Euphorbia pentagona is a beautiful species with thin finger-sized
stems that tend to be 5- to 6-ribbed .
The cyathia are purplish.
Description: A compact
perennial cactus-like shrub with prominent ribs that freely branches
above and can grow 2,5- 3 m tall.
Stem: Thin columnar, erect, rebranching often in whorls, 1-4 cm
thick, bright glossy green or dark green turning grey with age.
Ribs: 5-6, deeply grooved between, whit shallow tubercles.
Spines: The solitary “spines” are sterile dry peduncles up to 1,5
cm long, each with 2-3 tiny bracts, they are pinkish and finally
Leaves: Up to 4 mm long, liner and early deciduous.
Flowers: The buff-lavender to purplish
cyathia are small (
approx 4 mm in diameter) and borne at the branch tips. The are solitary
or in 2-3 rayed cymes, peduncles short, often persistent. Nectar glands
Fruits: Subglobose, approx 6 mm in diameter,
Taxonomy: E. pentagona belongs
to the Euphorbia section 19 a large group of spiny shrubs that
includes Euphorbia aggregata, enopla, mammillaris, anoplia,
ferox, heptagona, and polygona which are all
similar in form.
In particular E. pentagona looks like
E. enopla and often the plant sold and labelled
E. pentagona .
Flowers have striking dark
Scientific name: Euphorbia
In: Philos. Mag. Ann: Chem. 1828: 187, 1828
Origin: Eastern Cape, South Africa. Altitude 120-600 m.
- Euphorbia heptagona A. Berger
Royle 1836 (Nom. Illeg., art 53.1) is a very different species referable
to Euphorbia royleana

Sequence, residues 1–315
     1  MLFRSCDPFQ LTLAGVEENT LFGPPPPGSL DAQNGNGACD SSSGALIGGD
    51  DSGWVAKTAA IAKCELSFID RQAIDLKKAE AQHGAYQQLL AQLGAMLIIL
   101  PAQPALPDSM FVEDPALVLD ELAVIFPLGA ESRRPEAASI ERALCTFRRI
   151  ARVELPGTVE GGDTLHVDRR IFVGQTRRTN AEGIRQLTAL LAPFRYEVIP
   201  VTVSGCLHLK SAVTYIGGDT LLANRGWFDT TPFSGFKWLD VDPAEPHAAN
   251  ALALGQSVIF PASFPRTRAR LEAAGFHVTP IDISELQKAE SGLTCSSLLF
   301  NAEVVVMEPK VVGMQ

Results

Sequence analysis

Conservation status: Listed in
CITES appendix 2.
Common Name: Pincushion Euphorbia
Cultivation: Common and relatively easy to grow plant for pot
culture. It grows well in a very draining mineral potting substrate, but
it isn't picky about soil. The area where this plant is native receives
rains both in winter and summer, so it can be watered moderately all
year around (except in the coldest month of the winter, as it rot easily
,especially if over-wet). During the summer, they enjoy average feeding
and watering. When dormant in winter, keep it totally dry at or around
4°C, even though it seems to tolerate light frosts well. Mature healthy
plants are tough and can also be grown outside where frost is not too
severe, but when left out it is more sensitive to frost. They do need a
lot of light to keep their compact growth-form, but different clones
vary in their tolerance of full sunshine. The plants that are not kept
in full sun grow faster, but became untidy and may need support as they
get larger, or branches fall off. But if grown in the protection of
light shade, the thick purple spines of this low-growing clumping
columnar plant have the best colour. Sometimes, in really hot full sun
all day long, a plant will bleach out a bit. It soon grows into a
large, many stemmed specimen, and it can fill a 30 cm bowl. It is also
a prolific bloomer, and makes a spectacular specimen.
Propagation: It is
propagated by cuttings or seeds. It branches enthusiastically, and
offsets are readily available. If you remove an offset, remember to let
it dry for a week or so, letting the wound heal (cuttings planted too
soon easily rot before they can grow roots). It is better to wash the
cut to remove the latex. The seed can be sown just under the surface in
normal seedling trays in a sandy seed mix. Germination usually occurs
within 1 - 3 weeks.
Warning: As with all other Euphorbias, when a
plant get damaged it exudes a thick white milky sap known as latex. This
latex is poisonous and may irritate skin. Pay
extreme attention not to get any in your eyes or mouth.
Cultivated plants must be handled carefully.
- The villagers use as fuel the withered stems of
Euphorbia pentagona and thorny bushes.
- It is also a common plant used for making